The French politic of the veil in relation to International law : Analyzis of the politic of the veil in France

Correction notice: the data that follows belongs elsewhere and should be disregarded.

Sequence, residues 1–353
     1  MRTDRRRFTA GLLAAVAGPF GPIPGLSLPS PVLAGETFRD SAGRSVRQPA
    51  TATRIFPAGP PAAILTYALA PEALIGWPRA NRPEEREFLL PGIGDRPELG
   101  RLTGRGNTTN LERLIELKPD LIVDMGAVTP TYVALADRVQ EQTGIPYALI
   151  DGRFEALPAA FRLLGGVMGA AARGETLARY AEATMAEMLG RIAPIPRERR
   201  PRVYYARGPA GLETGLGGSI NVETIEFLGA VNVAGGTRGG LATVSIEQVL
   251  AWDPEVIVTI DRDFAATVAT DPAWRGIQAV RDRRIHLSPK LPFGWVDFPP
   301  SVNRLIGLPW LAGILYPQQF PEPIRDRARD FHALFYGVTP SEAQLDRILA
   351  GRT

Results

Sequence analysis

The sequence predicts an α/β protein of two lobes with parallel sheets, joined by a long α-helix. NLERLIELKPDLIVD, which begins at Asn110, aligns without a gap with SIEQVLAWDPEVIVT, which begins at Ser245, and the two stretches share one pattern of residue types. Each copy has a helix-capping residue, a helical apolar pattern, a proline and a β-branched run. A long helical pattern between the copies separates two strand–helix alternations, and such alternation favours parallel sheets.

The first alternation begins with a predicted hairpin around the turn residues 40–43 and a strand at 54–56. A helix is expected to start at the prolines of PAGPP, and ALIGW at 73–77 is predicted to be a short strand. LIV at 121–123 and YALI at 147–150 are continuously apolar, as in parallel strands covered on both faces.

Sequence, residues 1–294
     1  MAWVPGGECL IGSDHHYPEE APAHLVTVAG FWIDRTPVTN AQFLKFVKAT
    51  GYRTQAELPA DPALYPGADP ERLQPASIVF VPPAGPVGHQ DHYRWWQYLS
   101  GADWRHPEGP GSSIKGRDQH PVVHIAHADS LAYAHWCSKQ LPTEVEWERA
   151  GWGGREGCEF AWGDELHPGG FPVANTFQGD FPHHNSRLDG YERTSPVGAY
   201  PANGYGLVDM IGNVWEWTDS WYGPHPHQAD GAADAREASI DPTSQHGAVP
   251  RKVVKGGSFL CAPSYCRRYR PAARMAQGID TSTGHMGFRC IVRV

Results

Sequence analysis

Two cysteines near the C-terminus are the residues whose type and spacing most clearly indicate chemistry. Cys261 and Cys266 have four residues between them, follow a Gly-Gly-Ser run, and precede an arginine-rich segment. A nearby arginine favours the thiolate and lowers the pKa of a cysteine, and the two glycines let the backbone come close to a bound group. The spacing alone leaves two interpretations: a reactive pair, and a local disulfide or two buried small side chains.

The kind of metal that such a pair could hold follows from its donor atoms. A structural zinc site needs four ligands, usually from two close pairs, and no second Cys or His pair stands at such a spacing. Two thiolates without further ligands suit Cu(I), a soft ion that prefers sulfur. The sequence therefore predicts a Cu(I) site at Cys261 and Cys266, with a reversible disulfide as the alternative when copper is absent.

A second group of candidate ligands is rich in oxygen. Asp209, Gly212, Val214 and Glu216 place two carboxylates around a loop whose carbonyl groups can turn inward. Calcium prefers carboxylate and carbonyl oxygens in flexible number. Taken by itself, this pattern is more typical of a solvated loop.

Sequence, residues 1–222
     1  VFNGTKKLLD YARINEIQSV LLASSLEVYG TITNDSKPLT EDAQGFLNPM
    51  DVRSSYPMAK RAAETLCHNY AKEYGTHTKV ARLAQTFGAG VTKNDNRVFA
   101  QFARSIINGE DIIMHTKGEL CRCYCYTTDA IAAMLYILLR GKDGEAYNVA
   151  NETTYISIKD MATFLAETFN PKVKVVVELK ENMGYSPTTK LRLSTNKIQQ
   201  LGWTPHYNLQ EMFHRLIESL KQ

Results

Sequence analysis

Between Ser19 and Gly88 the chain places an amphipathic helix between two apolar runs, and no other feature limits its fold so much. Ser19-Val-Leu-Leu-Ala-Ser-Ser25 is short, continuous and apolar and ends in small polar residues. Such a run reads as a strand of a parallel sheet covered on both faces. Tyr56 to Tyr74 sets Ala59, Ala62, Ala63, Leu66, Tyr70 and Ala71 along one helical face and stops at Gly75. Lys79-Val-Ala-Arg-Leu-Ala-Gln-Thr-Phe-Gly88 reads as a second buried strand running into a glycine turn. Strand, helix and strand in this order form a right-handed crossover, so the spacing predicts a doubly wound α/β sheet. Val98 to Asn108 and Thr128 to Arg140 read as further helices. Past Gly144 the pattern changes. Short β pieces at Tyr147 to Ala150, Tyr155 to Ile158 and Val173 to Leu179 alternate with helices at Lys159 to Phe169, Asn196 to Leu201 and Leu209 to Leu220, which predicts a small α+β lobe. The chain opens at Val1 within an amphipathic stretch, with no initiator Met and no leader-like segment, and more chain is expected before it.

Abstract: The Universal Declaration of Human Rights (UDHR) and other international conventions have been ratified by many countries, yet the basic freedoms established therein continue to be taken for granted. In recent years, the Islamic veil has been widely debated as an oppressive garment against Muslim women and a threat to Western secular democracy. This debate has led countries, including France, to take legal action to ban clothing that completely covers the face. France has professed itself as a secular state for centuries following its historical revolution, with a narrative of guaranteeing equal rights and opportunity to all citizens. However, this secular orientation has, in practice, led to a law that has created and promoted juridical and institutionalized inequality. This thesis discusses the prohibition of the veil in relation to basic human rights and freedoms established by the UDHR, the European Convention on Human Rights and Fundamental Freedoms, and the International Covenant on Civil and Political Rights, as well as other relevant documents that hold the central idea of protection of religious freedom and expression. These documents will be analyzed alongside John Stuart Mill’s foundational philosophy on freedom. The main findings of this study are that the issue of the veil is complex, and its story must be understood before it can be judged. Muslim women who choose to wear the veil have a right to freedom of religion given by the UDHR. France is a signatory and therefore infringing on those rights is a violation of international law. This conclusion is supported by the theoretical foundations of freedom presented by John Stuart Mill and previous research that dealt with the issue of the veil in Western societies.
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